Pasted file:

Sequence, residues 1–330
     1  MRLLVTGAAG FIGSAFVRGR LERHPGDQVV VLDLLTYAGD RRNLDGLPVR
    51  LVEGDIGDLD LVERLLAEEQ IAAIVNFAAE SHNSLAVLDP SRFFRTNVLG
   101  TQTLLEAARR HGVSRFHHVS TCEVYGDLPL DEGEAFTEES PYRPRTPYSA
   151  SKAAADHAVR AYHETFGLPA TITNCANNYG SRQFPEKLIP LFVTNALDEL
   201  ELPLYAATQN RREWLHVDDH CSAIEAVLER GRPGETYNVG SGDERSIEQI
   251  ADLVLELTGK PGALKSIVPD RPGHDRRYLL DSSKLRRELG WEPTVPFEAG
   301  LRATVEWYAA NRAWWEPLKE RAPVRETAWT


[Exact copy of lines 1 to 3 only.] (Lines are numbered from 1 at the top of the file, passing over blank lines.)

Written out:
Sequence, residues 1–330
     1  MRLLVTGAAG FIGSAFVRGR LERHPGDQVV VLDLLTYAGD RRNLDGLPVR
    51  LVEGDIGDLD LVERLLAEEQ IAAIVNFAAE SHNSLAVLDP SRFFRTNVLG